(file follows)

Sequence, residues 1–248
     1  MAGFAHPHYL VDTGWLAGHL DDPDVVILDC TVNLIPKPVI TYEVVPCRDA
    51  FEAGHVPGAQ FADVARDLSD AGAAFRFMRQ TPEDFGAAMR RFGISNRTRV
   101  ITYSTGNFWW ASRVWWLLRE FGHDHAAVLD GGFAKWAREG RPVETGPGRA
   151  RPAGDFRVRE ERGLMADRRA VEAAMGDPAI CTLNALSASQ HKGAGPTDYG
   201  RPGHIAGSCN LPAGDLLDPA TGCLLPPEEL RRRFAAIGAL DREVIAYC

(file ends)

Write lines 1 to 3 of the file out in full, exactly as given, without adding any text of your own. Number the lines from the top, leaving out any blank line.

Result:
Sequence, residues 1–248
     1  MAGFAHPHYL VDTGWLAGHL DDPDVVILDC TVNLIPKPVI TYEVVPCRDA
    51  FEAGHVPGAQ FADVARDLSD AGAAFRFMRQ TPEDFGAAMR RFGISNRTRV